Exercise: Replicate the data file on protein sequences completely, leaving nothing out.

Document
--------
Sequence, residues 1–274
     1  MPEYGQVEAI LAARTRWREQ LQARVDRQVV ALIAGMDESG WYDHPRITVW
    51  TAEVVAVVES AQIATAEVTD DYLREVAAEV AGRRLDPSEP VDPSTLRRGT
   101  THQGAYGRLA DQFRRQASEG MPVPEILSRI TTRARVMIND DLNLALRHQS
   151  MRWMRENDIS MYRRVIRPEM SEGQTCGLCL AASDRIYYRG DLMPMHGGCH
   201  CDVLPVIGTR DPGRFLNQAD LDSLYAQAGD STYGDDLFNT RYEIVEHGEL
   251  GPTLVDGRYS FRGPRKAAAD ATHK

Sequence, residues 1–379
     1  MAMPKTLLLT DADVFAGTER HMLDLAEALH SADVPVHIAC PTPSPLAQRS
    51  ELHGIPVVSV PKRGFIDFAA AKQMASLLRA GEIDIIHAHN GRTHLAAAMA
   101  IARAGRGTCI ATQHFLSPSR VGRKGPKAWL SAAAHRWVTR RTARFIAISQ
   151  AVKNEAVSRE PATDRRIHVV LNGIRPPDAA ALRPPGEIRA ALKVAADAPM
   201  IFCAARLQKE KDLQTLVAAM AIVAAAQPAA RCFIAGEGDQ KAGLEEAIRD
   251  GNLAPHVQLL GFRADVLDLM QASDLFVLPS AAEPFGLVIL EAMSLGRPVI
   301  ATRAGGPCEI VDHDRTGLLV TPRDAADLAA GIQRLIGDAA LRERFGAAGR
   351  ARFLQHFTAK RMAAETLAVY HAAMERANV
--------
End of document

Sequence, residues 1–274
     1  MPEYGQVEAI LAARTRWREQ LQARVDRQVV ALIAGMDESG WYDHPRITVW
    51  TAEVVAVVES AQIATAEVTD DYLREVAAEV AGRRLDPSEP VDPSTLRRGT
   101  THQGAYGRLA DQFRRQASEG MPVPEILSRI TTRARVMIND DLNLALRHQS
   151  MRWMRENDIS MYRRVIRPEM SEGQTCGLCL AASDRIYYRG DLMPMHGGCH
   201  CDVLPVIGTR DPGRFLNQAD LDSLYAQAGD STYGDDLFNT RYEIVEHGEL
   251  GPTLVDGRYS FRGPRKAAAD ATHK

Sequence, residues 1–379
     1  MAMPKTLLLT DADVFAGTER HMLDLAEALH SADVPVHIAC PTPSPLAQRS
    51  ELHGIPVVSV PKRGFIDFAA AKQMASLLRA GEIDIIHAHN GRTHLAAAMA
   101  IARAGRGTCI ATQHFLSPSR VGRKGPKAWL SAAAHRWVTR RTARFIAISQ
   151  AVKNEAVSRE PATDRRIHVV LNGIRPPDAA ALRPPGEIRA ALKVAADAPM
   201  IFCAARLQKE KDLQTLVAAM AIVAAAQPAA RCFIAGEGDQ KAGLEEAIRD
   251  GNLAPHVQLL GFRADVLDLM QASDLFVLPS AAEPFGLVIL EAMSLGRPVI
   301  ATRAGGPCEI VDHDRTGLLV TPRDAADLAA GIQRLIGDAA LRERFGAAGR
   351  ARFLQHFTAK RMAAETLAVY HAAMERANV